A History Exposed: The Enslavement of Black People in Canada

August 1, 2024 to January 5, 2025

For many, Canada’s connection to slavery is the Underground Railroad. Little-known by Canadians is what happened before the Underground Railroad when, for over two centuries, the majority of Black people in Canada were slaves. Slavery played a significant role in the early settlement of Canada and its legacy can be seen and felt today.

Opening on Emancipation Day, discover the experiences of enslaved Black people in Canada through individual biographies and archival records. Learn how slavery came to be in Canada and find out who were Canada’s enslavers.

Created with guest curator Dr. Afua Cooper and in partnership with the Black Cultural Centre for Nova Scotia.

Supported by Scotiabank.

An old newspaper advertisement with black type describing a woman and boy to be sold.
Advertisement for the sale of a woman and her son in York (now Toronto), 1806.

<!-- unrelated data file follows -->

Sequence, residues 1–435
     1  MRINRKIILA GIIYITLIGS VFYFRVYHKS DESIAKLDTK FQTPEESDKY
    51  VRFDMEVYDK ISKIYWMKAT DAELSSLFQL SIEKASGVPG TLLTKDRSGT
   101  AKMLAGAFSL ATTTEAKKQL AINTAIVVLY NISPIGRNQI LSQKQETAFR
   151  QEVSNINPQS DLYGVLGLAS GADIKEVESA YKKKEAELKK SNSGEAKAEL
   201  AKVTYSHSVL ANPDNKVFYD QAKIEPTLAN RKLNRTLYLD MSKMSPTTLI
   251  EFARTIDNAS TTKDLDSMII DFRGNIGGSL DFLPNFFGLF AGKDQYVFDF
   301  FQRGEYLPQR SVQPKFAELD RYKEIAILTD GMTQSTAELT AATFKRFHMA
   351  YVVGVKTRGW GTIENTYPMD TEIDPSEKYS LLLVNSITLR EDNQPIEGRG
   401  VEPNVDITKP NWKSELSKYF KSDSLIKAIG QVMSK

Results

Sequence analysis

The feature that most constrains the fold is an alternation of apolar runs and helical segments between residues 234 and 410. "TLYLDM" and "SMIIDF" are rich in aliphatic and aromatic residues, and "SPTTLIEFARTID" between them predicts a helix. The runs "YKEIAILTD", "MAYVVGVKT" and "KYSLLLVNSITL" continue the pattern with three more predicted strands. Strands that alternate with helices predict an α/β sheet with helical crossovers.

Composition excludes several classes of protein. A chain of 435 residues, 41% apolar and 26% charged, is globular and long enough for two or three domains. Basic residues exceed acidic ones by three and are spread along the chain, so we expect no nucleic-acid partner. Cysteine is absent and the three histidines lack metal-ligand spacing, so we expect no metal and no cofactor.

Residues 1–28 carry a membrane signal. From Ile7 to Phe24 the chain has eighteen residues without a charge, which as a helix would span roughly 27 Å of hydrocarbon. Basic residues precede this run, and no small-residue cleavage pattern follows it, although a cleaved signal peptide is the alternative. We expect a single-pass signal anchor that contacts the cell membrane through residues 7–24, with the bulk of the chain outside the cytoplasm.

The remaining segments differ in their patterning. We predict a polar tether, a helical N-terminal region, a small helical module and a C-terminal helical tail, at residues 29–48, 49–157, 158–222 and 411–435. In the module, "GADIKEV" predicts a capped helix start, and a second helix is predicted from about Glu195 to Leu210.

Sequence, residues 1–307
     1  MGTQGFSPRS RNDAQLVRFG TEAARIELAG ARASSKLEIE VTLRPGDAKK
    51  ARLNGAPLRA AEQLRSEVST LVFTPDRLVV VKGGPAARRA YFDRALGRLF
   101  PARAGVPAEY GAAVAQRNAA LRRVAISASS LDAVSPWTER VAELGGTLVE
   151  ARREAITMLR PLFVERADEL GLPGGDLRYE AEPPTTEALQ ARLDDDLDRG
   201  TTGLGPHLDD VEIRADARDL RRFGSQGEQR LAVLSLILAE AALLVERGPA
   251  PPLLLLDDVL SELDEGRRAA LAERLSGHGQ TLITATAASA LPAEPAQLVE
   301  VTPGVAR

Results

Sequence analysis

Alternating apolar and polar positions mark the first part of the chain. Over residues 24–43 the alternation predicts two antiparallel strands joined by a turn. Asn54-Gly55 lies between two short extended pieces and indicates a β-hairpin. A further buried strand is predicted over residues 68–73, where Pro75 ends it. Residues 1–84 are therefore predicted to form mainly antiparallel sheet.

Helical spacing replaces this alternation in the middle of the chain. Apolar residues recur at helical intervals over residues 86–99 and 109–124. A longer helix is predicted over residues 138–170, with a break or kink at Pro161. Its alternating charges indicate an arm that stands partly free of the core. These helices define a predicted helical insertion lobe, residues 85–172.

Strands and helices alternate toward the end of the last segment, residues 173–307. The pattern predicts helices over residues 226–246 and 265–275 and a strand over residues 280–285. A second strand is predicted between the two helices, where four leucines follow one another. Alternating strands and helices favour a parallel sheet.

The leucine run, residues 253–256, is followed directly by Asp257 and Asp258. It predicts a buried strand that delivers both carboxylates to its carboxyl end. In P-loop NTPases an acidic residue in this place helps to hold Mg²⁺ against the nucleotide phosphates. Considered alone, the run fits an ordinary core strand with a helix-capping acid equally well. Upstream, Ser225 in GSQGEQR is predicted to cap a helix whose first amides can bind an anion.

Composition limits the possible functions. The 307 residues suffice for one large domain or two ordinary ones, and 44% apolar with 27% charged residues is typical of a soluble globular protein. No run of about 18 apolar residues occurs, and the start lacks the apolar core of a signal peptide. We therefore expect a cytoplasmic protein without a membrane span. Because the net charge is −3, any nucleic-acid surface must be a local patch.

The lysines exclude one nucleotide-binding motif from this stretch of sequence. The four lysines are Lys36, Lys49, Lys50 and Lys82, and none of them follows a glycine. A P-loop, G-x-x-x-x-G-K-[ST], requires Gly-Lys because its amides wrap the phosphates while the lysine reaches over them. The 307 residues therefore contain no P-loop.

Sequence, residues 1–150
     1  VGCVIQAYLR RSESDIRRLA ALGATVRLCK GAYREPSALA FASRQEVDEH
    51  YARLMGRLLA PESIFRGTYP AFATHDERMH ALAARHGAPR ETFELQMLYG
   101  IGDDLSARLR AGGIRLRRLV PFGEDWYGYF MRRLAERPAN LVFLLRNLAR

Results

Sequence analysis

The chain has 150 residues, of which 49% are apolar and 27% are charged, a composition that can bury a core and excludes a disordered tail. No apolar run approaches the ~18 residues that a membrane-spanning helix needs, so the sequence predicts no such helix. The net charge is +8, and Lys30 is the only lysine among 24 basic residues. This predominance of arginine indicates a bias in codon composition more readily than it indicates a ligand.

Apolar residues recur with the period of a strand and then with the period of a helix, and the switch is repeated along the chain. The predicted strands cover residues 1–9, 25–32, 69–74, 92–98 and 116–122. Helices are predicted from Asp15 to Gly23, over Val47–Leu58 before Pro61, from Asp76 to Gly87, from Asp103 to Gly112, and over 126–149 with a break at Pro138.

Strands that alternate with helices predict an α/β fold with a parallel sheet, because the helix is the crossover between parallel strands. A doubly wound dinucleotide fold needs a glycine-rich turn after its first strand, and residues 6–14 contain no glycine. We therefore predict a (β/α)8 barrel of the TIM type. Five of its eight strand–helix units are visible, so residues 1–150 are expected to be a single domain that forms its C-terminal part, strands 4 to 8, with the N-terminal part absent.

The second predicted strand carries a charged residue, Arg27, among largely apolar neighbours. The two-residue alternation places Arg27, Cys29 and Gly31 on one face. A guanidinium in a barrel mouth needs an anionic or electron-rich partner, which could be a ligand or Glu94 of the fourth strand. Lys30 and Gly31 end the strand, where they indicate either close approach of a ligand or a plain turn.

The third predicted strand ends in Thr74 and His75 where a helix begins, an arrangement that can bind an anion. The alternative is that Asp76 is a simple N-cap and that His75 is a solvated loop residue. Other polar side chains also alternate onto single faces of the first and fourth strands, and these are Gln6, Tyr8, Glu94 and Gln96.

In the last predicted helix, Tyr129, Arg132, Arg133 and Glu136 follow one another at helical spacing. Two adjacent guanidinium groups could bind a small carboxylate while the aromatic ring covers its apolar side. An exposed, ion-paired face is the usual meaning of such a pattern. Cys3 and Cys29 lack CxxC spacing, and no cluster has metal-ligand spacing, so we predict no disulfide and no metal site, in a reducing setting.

Upper Canada Gazette, February 22, 1806, Archives of Ontario
A painting of two Black women using gardening tools while a white man watches over them and smokes.
Enslaved women clearing land for gardens in Maryland, 1798, typical of the enslaved labour sought for the colonies that would become Canada.
Maryland Center for History and Culture, 1960.
A painting of a Black woman dressed in long skirts and a shawl, carrying a torch at nighttime.
Marie-Josèphe Angélique (1705-1734) depicted by artist Marilyn Carr-Harris.
Courtesy of Dr. Afua Cooper
Two heavy iron rings joined by heavy chain.
Shackles like this reproduction, created by a blacksmith at Port Greville, Nova Scotia, were used on enslaved peoples in Canada.
Courtesy of Dr. Afua Cooper
An old newspaper advertisement with black type on yellowed paper describing a girl to be sold.
Royal Gazette, June 24, 1800, Nova Scotia Archives